Gut reactions of radioactive nitrite after intratracheal administration in mice

Science  09 Jul 1982:
Vol. 217, Issue 4555, pp. 151-153
DOI: 10.1126/science.6211766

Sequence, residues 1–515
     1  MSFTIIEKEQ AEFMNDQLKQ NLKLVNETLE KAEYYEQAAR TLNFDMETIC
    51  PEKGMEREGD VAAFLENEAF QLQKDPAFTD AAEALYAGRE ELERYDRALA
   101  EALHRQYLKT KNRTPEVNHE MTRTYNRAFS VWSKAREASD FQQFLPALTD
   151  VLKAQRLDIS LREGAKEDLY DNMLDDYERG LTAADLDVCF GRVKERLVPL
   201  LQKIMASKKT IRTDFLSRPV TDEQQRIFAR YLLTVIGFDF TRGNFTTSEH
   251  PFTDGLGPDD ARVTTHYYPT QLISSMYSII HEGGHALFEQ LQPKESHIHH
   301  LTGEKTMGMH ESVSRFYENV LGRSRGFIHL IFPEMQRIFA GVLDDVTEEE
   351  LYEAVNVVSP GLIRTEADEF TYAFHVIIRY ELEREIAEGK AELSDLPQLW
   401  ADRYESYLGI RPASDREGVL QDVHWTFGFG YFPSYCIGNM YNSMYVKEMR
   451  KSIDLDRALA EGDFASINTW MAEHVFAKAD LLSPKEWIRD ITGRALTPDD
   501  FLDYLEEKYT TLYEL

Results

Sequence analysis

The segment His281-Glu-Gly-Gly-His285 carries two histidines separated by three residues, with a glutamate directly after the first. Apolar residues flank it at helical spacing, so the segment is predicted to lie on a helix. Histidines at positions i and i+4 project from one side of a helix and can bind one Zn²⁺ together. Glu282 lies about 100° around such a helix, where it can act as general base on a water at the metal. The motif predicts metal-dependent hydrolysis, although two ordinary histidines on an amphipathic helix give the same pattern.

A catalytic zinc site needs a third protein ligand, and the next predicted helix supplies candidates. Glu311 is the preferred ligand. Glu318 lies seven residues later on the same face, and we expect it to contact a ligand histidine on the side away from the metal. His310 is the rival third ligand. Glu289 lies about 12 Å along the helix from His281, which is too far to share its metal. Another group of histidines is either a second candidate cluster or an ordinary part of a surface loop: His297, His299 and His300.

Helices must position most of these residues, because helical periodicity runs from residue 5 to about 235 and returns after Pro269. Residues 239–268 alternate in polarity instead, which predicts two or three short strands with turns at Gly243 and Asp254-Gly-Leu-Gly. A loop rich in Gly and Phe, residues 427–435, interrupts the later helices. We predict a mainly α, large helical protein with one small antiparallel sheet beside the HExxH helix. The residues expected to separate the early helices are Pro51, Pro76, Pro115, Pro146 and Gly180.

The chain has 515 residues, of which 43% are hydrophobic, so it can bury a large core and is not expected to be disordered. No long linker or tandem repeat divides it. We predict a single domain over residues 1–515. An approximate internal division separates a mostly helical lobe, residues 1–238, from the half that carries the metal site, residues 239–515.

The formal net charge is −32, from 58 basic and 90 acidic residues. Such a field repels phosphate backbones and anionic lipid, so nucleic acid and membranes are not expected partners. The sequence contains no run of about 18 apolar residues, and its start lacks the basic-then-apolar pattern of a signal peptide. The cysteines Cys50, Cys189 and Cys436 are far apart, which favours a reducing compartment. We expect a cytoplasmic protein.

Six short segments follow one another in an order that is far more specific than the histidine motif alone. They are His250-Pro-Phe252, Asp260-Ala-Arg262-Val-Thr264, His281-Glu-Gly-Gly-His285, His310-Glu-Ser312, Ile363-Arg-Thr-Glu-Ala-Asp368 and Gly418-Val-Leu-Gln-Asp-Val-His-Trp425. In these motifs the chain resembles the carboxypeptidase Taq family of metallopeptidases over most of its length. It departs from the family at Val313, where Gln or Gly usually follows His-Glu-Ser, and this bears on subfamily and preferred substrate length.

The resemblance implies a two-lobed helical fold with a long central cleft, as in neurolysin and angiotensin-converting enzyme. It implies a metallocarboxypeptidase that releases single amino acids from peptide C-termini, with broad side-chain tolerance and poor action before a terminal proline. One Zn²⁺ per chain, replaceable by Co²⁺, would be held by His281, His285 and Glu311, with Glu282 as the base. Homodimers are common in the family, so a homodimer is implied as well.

Intratracheal administration to mice of radioactive nitrite labeled with nitrogen-13 (13NO2-) (half-life, 9.96 minutes) in dosages that do not cause pharmacological perturbation reveals that oxidative and reductive reactions occur in different organs. Oxidation of 13NO2- to radioactive nitrate (13NO3-) predominates in the blood and liver. Reduction of 13NO2- occurs in those mice that harbor intestinal microflora; this reduction does not occur in germ-free mice. The intestinal reduction products include ammonium, glutamate, glutamine, and urea. With a detection limit of about 0.01 percent of the instilled nitrogen-13, no labeled nitrosamines were detected within 30 minutes. Reduced nitrogen-13 is transported out of the intensive into the circulatory system and appears in the urine along with 13NO3-. The biological half-period for 13NO2- destruction is about 7 minutes, and both oxidation and reduction products are formed.